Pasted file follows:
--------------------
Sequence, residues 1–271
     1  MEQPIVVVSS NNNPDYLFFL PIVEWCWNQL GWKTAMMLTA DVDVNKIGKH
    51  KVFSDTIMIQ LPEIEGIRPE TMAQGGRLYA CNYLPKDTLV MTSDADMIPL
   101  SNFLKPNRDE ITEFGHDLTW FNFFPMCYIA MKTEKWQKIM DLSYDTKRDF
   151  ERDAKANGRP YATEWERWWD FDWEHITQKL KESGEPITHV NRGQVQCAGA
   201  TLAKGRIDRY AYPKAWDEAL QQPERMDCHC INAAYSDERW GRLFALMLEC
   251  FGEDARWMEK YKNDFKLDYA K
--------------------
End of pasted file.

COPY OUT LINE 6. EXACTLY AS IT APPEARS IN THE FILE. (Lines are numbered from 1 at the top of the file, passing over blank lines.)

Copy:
   201  TLAKGRIDRY AYPKAWDEAL QQPERMDCHC INAAYSDERW GRLFALMLEC